Primary care for diabetes depends on the person’s overall health condition and whether he or she has type 1, type 2, or gestational diabetes. Treatment for type 1 diabetes often involves taking insulin, managing blood sugar, and eating the right foods and exercising. Care for type 2 diabetes involves exercise and weight control as well, in addition to medications. In the case of gestational diabetes, which occurs during pregnancy, primary care focuses on watching the baby, eating a balanced diet, and keeping blood sugar under control.
Healthcare providers must work with type 1 patients to ensure proper diabetes management. Primary care for type 1 diabetes starts with learning how to take insulin, which lowers blood sugar levels when injected into the skin through a syringe or a pump. A diabetes educator or primary care physician usually instructs on how to give insulin injections or use an insulin pump, which may be needed up to four times daily depending on the patient. The person must also understand when during the day to take the insulin, whether it is upon awaking, before meals, or before bedtime. Adjustments may be made according to when the patient eats, exercises, travels, or even catches a cold.
Patients with type 2 diabetes must also devise a healthcare plan with their doctor. Primary care for diabetes type 2 revolves around taking medications, sometimes with or without insulin. Some common treatments for symptoms include meglitinides, biguanides, or alpha-glucosidase inhibitors, all of which are designated for maintaining normal blood sugar levels. Such medications may be taken as an injection or by mouth. The doctor usually prescribes medications only when diet and exercise are not enough to control type 2 blood glucose levels.
Blood sugar management also comes as part of primary care for diabetes, regardless of whether it's type 1, type 2, or gestational diabetes. A glucometer device helps patients to monitor their blood glucose readings throughout the day and night to ensure that they are normal. To check blood sugar, the person uses a lancet, or a small needle, to prick a finger and extract a tiny drop of blood onto a test strip. The strip goes into the glucometer so that it checks the patient’s blood sugar in a matter of seconds. If the blood sugar levels are too high or too low, then the patient and healthcare provider must work together to adjust insulin doses, diet, or both to avoid complications.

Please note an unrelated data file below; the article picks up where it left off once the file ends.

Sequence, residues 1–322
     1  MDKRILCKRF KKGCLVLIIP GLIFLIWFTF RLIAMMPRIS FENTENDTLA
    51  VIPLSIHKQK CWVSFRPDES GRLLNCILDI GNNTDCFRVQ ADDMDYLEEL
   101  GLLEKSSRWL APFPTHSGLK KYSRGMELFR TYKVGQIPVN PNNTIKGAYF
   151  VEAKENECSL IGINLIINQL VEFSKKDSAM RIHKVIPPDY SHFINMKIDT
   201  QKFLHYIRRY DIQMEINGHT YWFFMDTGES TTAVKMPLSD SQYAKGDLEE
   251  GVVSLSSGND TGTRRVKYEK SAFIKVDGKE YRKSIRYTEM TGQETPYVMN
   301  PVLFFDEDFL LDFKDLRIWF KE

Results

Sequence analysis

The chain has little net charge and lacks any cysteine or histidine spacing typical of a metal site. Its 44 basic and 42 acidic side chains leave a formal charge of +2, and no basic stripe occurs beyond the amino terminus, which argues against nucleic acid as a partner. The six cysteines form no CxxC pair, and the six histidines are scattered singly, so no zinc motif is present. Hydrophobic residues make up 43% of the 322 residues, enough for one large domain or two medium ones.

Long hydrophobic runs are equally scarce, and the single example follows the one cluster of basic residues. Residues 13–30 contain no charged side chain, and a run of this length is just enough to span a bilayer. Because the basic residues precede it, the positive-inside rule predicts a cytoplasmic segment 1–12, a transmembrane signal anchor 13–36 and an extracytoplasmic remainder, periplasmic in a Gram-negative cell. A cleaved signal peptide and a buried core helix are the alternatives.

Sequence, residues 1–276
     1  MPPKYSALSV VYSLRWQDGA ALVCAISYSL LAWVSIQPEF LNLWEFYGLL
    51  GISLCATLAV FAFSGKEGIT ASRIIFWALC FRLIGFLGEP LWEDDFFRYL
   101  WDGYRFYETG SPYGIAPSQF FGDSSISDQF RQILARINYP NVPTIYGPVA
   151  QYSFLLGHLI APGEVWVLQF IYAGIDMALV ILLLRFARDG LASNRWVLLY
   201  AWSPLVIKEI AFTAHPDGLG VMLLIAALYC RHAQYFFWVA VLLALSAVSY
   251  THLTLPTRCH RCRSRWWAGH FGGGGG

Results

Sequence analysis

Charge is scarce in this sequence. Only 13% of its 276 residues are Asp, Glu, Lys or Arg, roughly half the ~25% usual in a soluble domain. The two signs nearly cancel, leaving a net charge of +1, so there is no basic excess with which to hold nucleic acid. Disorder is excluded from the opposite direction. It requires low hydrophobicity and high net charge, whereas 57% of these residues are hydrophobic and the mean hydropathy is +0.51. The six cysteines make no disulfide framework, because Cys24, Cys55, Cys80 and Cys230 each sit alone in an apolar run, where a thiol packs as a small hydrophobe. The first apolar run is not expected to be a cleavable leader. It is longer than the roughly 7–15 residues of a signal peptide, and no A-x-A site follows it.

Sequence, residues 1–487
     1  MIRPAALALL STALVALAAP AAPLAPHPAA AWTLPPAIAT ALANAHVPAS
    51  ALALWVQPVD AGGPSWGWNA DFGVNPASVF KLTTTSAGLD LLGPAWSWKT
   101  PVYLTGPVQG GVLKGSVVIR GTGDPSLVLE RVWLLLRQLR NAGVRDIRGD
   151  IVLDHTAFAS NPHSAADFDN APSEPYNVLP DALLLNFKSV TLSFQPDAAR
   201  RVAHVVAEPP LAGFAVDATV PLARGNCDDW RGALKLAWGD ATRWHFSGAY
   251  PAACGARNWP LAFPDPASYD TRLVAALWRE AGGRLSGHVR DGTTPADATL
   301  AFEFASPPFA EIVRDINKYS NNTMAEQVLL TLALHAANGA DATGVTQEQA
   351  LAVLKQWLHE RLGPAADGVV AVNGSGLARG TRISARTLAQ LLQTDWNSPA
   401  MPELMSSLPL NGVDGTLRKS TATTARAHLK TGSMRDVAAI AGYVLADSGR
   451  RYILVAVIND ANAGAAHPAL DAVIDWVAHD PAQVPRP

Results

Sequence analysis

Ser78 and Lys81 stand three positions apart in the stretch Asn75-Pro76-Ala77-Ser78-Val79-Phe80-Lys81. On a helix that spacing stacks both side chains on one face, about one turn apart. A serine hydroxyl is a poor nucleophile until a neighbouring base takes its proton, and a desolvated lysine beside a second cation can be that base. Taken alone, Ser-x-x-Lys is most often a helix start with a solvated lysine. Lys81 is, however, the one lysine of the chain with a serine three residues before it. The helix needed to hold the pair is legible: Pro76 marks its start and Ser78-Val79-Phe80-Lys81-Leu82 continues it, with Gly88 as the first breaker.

Changes to physical activity and diet often play a role in primary care for diabetes. People with type 1 or type 2 diabetes may partake in low-impact exercise, or advanced physical activity with permission from the doctor, to burn calories, improve blood flow to the body, and maintain energy. A balanced diet of carbohydrates, proteins, and fats regulates blood sugar levels, according to guidelines set by the American Dietetic Association and the American Diabetes Association. For instance, a registered dietitian may recommend eating up to five servings of fresh vegetables, up to four servings of whole fruits, and at least six servings of grains, bread, or pasta. At least two servings of fish and poultry, and two servings of nonfat or low-fat dairy are also recommended.
Some pregnant women develop gestational diabetes because pregnancy hormones sometimes block insulin from working throughout the body, according to the American Diabetes Association. Primary care for diabetes of this type usually involves lifestyle changes rather than medicine or insulin. In this case, the primary care physician closely watches the patient and baby through fetal monitoring, which checks the baby's size, heartbeat, and overall health. Like type 1 and type 2 diabetes, gestational diabetes may be controlled through a balanced diet of vegetables, fruits, and proteins, as well as complex carbohydrates. While most cases of gestational diabetes often disappear after childbirth, women who experience the condition must be closely examined because of the risk of developing diabetes in the future.